CAPE TOWN (miningweekly.com) – It is just amazing to see the innovation that the mining industry is capable of scaling up, President Cyril Ramaphosa told the Investing in African Mining Indaba in his enthusiastic address on Tuesday.
“Last week, I attended the launch by Anglo American of the world’s largest hydrogen-powered mine haul truck.
“This truck will be powered by an entire ecosystem of hydrogen production around the mine itself, and I got so excited and so taken away that Botswana President Mokgweetsi Masisi remarked on seeing the photograph of me in this massive truck that I looked like a young boy excited over a toy.
“I said to President Masisi, when I get fired from my job, I’m going to apply to go and work on this type of truck,” Ramaphosa quipped as he digressed from his keynote address which drew considerable applause.
“Yes, President Masisi, I still get excited over things like that,” he reiterated to the Botswana President, who was in the audience with Zambian President Hakainde Hichilema and Democratic Republic of Congo Prime Minister Jean-Michel Sama Lukonde,
“We are keen to harness the opportunities of the hydrogen economy,” said Ramaphosa, who highlighted that the Mining Indaba is taking place at a time when the world is having to adapt to new circumstances, confront new challenges and be prepared to seize new opportunities.
“The mining industry also needs to manage the risks and potential benefits of rapid technological change, shifting market demand, climate change and geopolitical uncertainties that abound.
“After more than 150 years, mining remains a critical pillar of our economy. I often refer to it as a continuous sunrise sector of our economy,” said Ramaphosa, who drew attention to mining being a significant contributor to export earnings, an important source of foreign direct investment, while directly employing nearly half a million people.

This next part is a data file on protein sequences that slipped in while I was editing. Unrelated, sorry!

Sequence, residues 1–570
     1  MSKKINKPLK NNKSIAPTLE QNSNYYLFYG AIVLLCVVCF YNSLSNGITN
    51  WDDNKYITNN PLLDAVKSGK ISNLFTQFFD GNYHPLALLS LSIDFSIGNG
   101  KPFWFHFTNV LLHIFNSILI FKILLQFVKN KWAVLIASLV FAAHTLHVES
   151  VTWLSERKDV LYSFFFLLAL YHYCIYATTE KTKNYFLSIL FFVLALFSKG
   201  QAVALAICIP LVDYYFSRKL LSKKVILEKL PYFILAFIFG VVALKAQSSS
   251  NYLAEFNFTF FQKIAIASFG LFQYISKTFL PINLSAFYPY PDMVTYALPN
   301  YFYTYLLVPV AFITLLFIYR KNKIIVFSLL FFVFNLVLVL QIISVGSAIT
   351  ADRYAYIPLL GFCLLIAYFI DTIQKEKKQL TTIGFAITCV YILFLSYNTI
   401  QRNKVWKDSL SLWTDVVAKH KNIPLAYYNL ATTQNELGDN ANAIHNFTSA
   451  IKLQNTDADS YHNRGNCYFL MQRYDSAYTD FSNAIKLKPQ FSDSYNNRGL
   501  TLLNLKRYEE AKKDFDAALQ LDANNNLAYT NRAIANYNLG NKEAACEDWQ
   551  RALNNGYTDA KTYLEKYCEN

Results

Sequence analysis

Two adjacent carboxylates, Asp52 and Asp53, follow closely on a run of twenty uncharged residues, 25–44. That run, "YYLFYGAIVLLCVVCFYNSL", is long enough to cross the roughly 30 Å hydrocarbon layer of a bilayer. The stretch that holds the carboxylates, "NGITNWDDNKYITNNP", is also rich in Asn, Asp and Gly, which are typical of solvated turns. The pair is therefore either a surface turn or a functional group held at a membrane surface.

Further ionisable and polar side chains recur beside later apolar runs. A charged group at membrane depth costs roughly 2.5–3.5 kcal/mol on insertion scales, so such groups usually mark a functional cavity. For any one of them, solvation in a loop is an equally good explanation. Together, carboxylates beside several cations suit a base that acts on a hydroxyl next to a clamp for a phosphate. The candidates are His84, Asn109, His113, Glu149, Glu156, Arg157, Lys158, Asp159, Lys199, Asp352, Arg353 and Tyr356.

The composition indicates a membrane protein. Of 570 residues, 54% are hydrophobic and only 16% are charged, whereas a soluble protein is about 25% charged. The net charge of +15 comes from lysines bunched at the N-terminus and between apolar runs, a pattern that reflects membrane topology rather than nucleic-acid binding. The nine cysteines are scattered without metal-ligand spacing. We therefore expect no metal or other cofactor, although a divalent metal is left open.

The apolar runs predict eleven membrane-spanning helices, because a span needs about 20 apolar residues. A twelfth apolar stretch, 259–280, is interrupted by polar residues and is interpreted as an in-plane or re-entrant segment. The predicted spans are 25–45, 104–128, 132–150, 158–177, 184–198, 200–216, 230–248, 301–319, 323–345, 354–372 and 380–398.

“And we expect mining’s significance and contribution to our economy to continue growing,” he emphasised during his Indaba address covered by Mining Weekly.
Like many other parts of the African continent, South Africa was abundantly blessed with vast mineral deposits that form the basis of the most important applications used in society and economies today.
Mining companies still saw the potential in South Africa and Southern Africa, President Ramaphosa added.
At the fourth South Africa Investment Conference earlier this year, investments valued at around R46.5-billion were pledged towards mining and mineral beneficiation.
But in addition to the great prospects for South African mining, the industry also faced significant challenges.
“It is a matter of grave concern that South Africa has fallen into the bottom 10 of the Fraser Institute’s Investment Attractiveness Index rankings.
“We are currently standing at seventy-fifth of 84, which is our worst-ever ranking.
“This ranking underlines the fundamental reality that South Africa needs to move with greater purpose and urgency to remove the various impediments to the growth and development of the industry.
“We understand very clearly the need to fix the regulatory and administrative problems that have crept into the system.
“We need to clear the backlog of mining and prospecting rights and mineral rights transfer applications, put in place a modern and much more efficient cadastral system, and implement an effective exploration strategy.
“We understand very clearly the need to significantly improve the functioning of our railways, which have fallen into disrepair, and ports, which are not performing at the level that we want them to perform, and the vital importance of ensuring a secure and reliable supply of affordable electricity,” Ramaphosa said.
These tasks were, he added, at the forefront of South Africa’s economic reconstruction and recovery efforts, which he described as being now firmly underway as part of Operation Vulindlela, an initiative of the Presidency and National Treasury, working in partnership with the Department of Mineral Resources and Energy and other departments.
“An important area of progress is regulatory reform to facilitate new electricity generation by the mining and other sectors to meet the deficit that we now have with energy generation.
“Regulations have been amended to allow companies to invest in new generation capacity of up to 100 MW without needing to apply for a licence.